Erzulie Dantor Voodoo Ceremony at Port au Prince Waterfalls in Haiti

Each year, in the month of July, thousands of pilgrims move to a waterfall located 150 km north of Port-au-Prince in Haiti to worship the gods and goddess of the water. According to popular legend, in 1847 Erzulie Dantor, the voodoo goddess of beauty and love, appeared on a palm tree in this waterfall, and began to heal the sick and perform miracles.

The Catholic priests considered this assumption as blasphemy because they believe it was Lady of Mount Carmel that had appeared to bless the Haitian Christians. The priests ordered that the tree be cut then a church was erected few meters away in honor of Our Lady of Mount Carmel.Since then this waterfall became a ritual venue for voodoo worshippers as they gather from all over the country to pray for healing or to ask for favors during the July 16th celebration.


When the voodoo worshippers arrive at the waterfall they commence with the ceremony rituals. The ritual requires that the consecrated women purify their bodies and cleanse their sexual organs with a liquid extracted from a bottle full of herbs.

Violent movements, dances and a continuous intake of alcohol commence and voodoo priestesses lend their bodies to be possessed by the spirits of the dead.

During this celebration voodoo worshippers bath and swim in the water. They dance and chant different songs to the honor of the gods and goddesses. To receive favors from the spirits, they make offerings and mix different herbal perfumes and potions prepared for this worship. In the process some people become possessed and might start acting like zombies.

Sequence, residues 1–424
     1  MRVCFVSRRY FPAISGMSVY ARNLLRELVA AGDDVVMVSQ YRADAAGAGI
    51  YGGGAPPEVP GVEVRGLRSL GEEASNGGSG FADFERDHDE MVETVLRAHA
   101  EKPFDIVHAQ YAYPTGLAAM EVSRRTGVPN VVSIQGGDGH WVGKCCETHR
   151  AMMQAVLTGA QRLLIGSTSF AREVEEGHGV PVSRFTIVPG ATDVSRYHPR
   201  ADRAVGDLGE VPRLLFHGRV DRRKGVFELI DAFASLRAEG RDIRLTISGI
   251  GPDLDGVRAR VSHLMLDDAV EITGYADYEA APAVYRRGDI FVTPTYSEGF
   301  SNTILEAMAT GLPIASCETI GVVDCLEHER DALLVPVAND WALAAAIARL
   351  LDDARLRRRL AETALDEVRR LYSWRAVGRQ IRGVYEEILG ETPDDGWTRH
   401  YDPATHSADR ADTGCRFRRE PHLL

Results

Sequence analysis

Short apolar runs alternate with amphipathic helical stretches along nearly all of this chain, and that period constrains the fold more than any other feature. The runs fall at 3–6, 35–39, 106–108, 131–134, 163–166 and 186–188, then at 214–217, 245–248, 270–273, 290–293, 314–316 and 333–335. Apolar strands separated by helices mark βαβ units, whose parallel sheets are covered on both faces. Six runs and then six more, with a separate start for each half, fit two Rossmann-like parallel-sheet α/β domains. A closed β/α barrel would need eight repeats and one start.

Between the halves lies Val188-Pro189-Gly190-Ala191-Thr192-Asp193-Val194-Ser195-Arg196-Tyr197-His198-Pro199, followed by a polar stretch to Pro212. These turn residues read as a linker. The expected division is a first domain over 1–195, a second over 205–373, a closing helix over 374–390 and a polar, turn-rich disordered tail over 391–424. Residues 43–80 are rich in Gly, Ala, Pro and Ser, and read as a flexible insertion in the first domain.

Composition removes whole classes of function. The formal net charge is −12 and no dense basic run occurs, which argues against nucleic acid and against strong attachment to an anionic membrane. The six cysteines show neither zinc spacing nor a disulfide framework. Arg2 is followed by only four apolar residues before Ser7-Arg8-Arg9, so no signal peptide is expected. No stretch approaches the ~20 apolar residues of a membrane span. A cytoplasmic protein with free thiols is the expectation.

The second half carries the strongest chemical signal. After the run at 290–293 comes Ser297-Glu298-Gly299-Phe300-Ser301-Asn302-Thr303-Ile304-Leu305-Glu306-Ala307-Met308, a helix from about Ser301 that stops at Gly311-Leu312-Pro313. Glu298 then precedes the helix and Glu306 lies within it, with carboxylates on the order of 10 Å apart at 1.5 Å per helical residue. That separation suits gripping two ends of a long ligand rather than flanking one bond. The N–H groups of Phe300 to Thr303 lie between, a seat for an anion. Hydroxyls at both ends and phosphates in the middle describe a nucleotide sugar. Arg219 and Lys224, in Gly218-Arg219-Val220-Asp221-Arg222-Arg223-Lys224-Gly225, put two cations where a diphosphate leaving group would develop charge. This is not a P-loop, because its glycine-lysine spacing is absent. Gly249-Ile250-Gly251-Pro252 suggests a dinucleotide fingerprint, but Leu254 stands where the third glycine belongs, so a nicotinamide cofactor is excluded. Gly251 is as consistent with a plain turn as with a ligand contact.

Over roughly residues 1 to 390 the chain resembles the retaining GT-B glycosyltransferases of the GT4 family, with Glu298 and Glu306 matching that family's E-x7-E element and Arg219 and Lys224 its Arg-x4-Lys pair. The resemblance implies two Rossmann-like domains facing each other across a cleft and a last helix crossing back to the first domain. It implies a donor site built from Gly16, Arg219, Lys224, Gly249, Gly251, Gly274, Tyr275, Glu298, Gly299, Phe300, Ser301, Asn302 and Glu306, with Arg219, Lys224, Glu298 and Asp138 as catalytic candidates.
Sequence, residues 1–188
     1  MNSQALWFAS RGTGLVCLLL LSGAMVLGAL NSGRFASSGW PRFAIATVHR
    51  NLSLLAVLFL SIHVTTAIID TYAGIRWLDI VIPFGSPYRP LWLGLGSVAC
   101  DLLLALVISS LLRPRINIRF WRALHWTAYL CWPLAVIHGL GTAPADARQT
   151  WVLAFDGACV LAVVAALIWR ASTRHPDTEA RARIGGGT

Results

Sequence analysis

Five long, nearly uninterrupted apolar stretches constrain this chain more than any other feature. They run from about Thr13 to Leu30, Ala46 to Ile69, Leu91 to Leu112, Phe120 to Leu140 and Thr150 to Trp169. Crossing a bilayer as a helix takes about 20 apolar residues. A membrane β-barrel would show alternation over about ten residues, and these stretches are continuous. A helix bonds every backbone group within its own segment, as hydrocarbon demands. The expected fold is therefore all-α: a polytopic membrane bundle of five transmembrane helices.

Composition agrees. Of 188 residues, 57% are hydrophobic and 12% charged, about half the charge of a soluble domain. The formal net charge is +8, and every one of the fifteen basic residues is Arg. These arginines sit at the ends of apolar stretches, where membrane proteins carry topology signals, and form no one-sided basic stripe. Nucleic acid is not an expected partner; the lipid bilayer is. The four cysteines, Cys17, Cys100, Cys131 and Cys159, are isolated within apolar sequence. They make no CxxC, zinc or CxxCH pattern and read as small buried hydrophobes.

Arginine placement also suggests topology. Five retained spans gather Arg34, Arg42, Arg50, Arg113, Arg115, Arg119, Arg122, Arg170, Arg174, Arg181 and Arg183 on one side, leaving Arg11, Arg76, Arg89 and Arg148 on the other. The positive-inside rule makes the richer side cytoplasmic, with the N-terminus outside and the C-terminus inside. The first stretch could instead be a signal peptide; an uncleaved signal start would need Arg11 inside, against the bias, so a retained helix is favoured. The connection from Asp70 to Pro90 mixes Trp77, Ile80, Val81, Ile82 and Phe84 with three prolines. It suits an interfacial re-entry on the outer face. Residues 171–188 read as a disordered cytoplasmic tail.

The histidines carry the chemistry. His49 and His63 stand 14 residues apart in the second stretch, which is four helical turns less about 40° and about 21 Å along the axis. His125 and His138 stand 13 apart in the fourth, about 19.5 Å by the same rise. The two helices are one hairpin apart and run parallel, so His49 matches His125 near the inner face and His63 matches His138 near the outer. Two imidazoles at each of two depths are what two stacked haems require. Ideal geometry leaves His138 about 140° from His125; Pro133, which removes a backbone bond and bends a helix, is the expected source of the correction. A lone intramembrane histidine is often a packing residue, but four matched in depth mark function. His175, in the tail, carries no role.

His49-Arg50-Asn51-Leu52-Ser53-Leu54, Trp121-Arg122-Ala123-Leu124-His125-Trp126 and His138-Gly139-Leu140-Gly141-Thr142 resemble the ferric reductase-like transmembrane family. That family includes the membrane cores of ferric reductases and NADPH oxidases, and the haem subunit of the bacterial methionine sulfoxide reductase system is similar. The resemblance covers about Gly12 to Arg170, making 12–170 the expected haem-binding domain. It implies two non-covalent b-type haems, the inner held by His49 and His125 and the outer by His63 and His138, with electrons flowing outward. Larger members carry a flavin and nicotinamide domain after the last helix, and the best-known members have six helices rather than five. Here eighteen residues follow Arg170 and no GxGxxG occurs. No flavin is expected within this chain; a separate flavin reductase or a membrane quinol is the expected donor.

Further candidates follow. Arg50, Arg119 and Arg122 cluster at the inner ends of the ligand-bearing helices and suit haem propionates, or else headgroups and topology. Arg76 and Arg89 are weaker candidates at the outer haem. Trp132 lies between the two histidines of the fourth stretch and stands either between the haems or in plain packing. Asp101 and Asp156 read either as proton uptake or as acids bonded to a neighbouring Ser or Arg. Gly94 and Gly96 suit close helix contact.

The worshippers spend hours in the freshness of the water, praying, hugging, etc. Many throw their old clothes to the sky or tear it into pieces as a symbol of a past that they want to leave behind. Others consult the hougan or the mambó possessed by the loas for miracles and blessings.  Another essential characteristic of this religion of African origin is its profound fluidity, partly because it has no liturgy or written theology, and partly because of the various influences it has received from other beliefs.

This ceremony attracts people from all parts of Haiti and the world with different heart desires. Some women embark on this journey to request for the grace to conceive a child, others hope to get a sick relative healed, and there are also those who dream of obtaining a visa and traveling to US to start a new life.

Near the waterfall, men and women sell candles, blue and white laces that represent the loas and images of the Virgin of Carmen. As the dancing and drumming continues some people go into trance and move frantically while  prophesying.

Thereafter, when the sun goes down, the atmosphere relaxes and becomes full of spirituality. Some women throw perfumes created from tree leaves to obtain love, good luck, while praying with their hands together and circling the trunk.


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